Haibun and Watercolor

I’m back!  From both my long, geeky weekend at PAX, and back from the mandatory overtime that has plagued me (but blessed my bank account) for the last couple of weeks.

And I have not returned empty handed, either!  I’ve written a couple of poems for the Writer’s Digest Poetic Form Challenge: Haibun Poem (not to be confused with a lowbun…)

Therein described, a Haibun is a hybrid of prose and haiku, and while I’m not entirely convinced I have the gist of it down pat, I did give a couple of tries that I will share (and one I will not share yet, but may come out at a later date when I feel it’s more… fit for public consumption).

Widow’s Walk

The crack of the hull carried even above the howl of the wind; the sea’s teeth tearing plank from plank as against the rocks the ship was lost. From the shore rose a wail, women who would ne’er again see husband or son drawn down into the bosom of the water.

There beneath the waves
Where the water babies play
Dance the six blue men


Daily News

The news isn’t the same in a war zone. Casualties list like weather reports, facts without emotion; any day you don’t know the names is a good one. Not every pop and boom is worthy of the front page, only the unusual or extreme are bothered with. Even then, news spreads throughout the city by the time the print is run, a record of the past rather than a herald of the present. Or sometimes, one of the literate will buy a paper and read it aloud to his neighbors over hand-rolled cigarettes and black market liquor to cut the cold and dull the nerves.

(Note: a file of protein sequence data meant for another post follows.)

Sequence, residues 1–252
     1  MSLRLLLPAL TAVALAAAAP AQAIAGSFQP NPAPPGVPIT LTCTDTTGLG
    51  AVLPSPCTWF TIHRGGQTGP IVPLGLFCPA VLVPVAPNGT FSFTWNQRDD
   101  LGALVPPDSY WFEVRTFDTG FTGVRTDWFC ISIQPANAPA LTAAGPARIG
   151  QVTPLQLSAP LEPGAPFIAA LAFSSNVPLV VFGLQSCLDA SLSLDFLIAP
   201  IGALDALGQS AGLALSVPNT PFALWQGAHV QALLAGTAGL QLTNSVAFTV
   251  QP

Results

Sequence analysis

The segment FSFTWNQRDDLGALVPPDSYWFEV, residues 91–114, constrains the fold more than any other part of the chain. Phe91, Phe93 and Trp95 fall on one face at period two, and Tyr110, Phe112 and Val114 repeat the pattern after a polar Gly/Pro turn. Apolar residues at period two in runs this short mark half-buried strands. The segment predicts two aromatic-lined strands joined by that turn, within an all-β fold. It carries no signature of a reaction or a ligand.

Children were playing
When an IED went off
Report seven dead

The first has an illustration in my head that I may or may not succeed in capturing on paper, given my rudimentary art skills.  However, I do have art from the weekend that I’m rather fond of, and if nothing else practice makes better, right?  It’s fun to play with watercolor.

Three Ladies by Eliza Murdock

Mother Earth by Eliza Murdock

Flower by Eliza Murdock


8 thoughts on “Haibun and Watercolor

  1. Pingback: Two for the Money and Three to Go | Two Voices, One Song

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